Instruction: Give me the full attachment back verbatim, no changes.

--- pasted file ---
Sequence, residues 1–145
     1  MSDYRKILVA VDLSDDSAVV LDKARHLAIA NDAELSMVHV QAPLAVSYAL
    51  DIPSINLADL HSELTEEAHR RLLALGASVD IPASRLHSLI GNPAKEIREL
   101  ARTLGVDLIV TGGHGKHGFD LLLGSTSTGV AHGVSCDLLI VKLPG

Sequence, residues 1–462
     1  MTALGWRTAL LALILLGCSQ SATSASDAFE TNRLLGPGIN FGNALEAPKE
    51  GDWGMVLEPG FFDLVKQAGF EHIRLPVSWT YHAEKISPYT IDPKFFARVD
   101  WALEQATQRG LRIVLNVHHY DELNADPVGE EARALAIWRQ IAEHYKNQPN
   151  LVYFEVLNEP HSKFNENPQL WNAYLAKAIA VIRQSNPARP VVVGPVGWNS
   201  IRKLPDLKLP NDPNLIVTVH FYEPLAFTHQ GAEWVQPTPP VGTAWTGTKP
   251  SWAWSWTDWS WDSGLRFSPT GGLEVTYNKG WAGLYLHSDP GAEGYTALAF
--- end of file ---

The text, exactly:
Sequence, residues 1–145
     1  MSDYRKILVA VDLSDDSAVV LDKARHLAIA NDAELSMVHV QAPLAVSYAL
    51  DIPSINLADL HSELTEEAHR RLLALGASVD IPASRLHSLI GNPAKEIREL
   101  ARTLGVDLIV TGGHGKHGFD LLLGSTSTGV AHGVSCDLLI VKLPG

Sequence, residues 1–462
     1  MTALGWRTAL LALILLGCSQ SATSASDAFE TNRLLGPGIN FGNALEAPKE
    51  GDWGMVLEPG FFDLVKQAGF EHIRLPVSWT YHAEKISPYT IDPKFFARVD
   101  WALEQATQRG LRIVLNVHHY DELNADPVGE EARALAIWRQ IAEHYKNQPN
   151  LVYFEVLNEP HSKFNENPQL WNAYLAKAIA VIRQSNPARP VVVGPVGWNS
   201  IRKLPDLKLP NDPNLIVTVH FYEPLAFTHQ GAEWVQPTPP VGTAWTGTKP
   251  SWAWSWTDWS WDSGLRFSPT GGLEVTYNKG WAGLYLHSDP GAEGYTALAF